Many parents get very worked up about college admission forms and essays. This is a good place to step back and let your student take the lead. The bottom line is, if they don’t finish the applications and essays, they won’t be admitted to school.
You may wonder if it’s best for them to take the lead in filling out and sending in their college applications, applying for financial aid, and handling more of the tasks that are required during the college admissions journey. After all, it’s their life, and it can be their responsibility.
We all know parents who are so afraid that their kids will make irrevocable mistakes, they are compelled to run interference for them in practically all aspects of their young lives.
No doubt you’ve heard of parents asserting themselves to an even greater degree by sitting in on job interviews, filling in job applications, badgering employers to give their student raises and promotions.
If parents don’t allow their children to make mistakes and learn from them, the very idea of taking on the college application process can bring about extreme procrastination which I believe is a kind of paralysis. This comment from a client was, to me, refreshing yet surprising. And it shouldn’t have been.
“I just told my 17 year-old son that it is his life and his responsibility to manage his college applications. I will help him if he asks but I’m not going to spend the next year nagging him. He is smart and capable and if the worst thing that happens is a gap year where he has to get a job, then he will get a different kind of education.”
What Parents Could Do
Assuming you are ready to assist, but not manage your students admission applications, here are my practical recommendations:
• Encouraging your student to meet with their school counselor. This year, they will work with the counselor to complete and submit college applications.
• Create a calendar with your student. This should include application deadlines and other important dates.
• Help your student find and apply for scholarships. This is one item on the list where earlier is better. Though I don’t recommend spending a lot of time searching for private scholarships, the odds of winning one are better if it’s local. Your student can find out about local scholarship opportunities from their school counselor.
• Help your student prepare for standardized tests. Even though COVID-19 has changed test policies, students who can take the SAT or ACT and do well will have an edge over students who don’t submit scores. This is especially important because merit scholarships are often awarded based on test scores and GPA.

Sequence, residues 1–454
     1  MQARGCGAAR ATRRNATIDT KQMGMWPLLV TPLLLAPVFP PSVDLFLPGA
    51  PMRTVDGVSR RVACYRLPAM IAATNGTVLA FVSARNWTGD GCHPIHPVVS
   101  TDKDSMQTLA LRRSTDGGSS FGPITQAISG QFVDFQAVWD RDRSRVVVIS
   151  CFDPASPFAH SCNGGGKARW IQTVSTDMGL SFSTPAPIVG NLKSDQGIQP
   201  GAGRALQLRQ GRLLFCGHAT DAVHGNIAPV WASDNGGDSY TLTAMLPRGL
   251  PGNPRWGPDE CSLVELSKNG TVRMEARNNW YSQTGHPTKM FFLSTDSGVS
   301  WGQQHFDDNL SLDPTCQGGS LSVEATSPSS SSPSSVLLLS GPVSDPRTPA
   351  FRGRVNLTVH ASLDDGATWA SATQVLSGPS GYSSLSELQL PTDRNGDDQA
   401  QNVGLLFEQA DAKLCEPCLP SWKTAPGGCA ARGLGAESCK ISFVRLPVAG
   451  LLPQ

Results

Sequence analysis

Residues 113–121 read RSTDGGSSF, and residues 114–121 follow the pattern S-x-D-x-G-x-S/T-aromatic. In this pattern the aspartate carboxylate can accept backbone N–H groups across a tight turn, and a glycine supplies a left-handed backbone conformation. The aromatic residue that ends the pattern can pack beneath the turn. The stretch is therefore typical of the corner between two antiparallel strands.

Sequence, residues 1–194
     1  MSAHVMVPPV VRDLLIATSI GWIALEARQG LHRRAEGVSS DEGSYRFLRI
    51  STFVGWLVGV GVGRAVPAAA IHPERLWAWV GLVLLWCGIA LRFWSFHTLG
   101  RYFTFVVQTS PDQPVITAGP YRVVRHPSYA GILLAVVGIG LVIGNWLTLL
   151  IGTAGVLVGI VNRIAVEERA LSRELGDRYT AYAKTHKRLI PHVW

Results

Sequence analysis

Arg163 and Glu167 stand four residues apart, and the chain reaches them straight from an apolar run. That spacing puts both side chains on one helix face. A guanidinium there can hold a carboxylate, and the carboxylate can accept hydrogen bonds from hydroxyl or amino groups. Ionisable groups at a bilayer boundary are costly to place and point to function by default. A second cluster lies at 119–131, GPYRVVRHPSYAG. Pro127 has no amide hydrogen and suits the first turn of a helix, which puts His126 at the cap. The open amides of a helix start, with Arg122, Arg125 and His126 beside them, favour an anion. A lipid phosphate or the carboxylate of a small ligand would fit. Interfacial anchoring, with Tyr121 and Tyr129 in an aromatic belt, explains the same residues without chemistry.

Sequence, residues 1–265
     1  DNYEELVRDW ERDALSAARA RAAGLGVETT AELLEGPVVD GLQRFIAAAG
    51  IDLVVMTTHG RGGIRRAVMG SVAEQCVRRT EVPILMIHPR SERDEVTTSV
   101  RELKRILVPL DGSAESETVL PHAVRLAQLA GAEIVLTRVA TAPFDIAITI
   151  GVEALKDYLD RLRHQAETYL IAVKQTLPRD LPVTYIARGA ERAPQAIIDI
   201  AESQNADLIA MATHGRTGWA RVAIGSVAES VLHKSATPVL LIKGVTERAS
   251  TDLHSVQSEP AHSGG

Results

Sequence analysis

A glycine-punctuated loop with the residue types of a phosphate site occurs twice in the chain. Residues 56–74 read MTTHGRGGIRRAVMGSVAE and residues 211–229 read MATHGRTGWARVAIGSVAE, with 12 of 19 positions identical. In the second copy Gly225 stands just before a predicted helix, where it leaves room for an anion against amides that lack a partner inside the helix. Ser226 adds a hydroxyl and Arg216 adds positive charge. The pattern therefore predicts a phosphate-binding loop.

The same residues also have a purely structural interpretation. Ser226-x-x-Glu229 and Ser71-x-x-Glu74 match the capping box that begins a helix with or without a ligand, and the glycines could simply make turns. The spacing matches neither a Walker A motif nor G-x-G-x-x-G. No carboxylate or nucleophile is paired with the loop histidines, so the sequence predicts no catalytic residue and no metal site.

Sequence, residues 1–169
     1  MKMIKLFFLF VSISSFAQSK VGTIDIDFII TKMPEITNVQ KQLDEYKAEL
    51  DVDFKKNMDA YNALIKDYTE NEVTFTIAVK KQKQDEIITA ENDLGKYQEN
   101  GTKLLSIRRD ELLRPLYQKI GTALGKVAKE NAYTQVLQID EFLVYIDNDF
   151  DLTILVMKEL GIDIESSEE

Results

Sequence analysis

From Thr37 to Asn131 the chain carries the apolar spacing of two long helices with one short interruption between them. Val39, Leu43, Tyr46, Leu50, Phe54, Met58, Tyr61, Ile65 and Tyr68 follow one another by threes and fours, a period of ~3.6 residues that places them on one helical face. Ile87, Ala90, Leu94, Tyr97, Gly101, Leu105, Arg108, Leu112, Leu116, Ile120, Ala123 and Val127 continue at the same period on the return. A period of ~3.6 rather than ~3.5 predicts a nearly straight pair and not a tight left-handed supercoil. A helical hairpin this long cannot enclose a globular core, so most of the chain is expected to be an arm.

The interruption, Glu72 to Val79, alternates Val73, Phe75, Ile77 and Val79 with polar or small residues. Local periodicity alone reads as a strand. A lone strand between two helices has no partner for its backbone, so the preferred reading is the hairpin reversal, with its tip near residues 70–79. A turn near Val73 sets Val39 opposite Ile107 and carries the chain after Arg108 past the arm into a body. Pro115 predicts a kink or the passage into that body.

• Apply for financial aid. This is too important to hand over to your student! Find out from each college the requirements and deadline to submit financial aid forms such as the FAFSA and CSS/Financial Aid PROFILE, if required.
Parents can provide guidance and support, help students keep track of application deadlines, and look for scholarships.
All parents – irrespective of their financial situation and ability to pay for college – should complete the financial aid forms! Contact me at email@example.com or 732.502.9700 to learn why that is true as well as how I can assist you with this process and help ensure a good outcome with this vitally important piece of the college-affordability puzzle.
A new phenomenon is occurring among some divorced and separated parents: They continue to live in the same home. This can present a problem when applying for financial aid.
When divorced, separated parents, or unmarried parents do not live together, the parent the student spends more than 50% of their time with is the custodial parent. For financial aid purposes, the custodial parent will more than likely have the responsibility of completing financial aid forms with their information. That is unless the non-custodial parent provides more than 50% of the student’s material support to the custodial parent.
But if the parents are legally separated or divorced and living under the same roof, then both parents’ income and assets will be included when applying for financial aid. This could increase the student’s expected family contribution unnecessarily.
There are more trapdoors and landmines than ever before. Do everything you can to avoid mistakes, by preparing now for the financial aid process.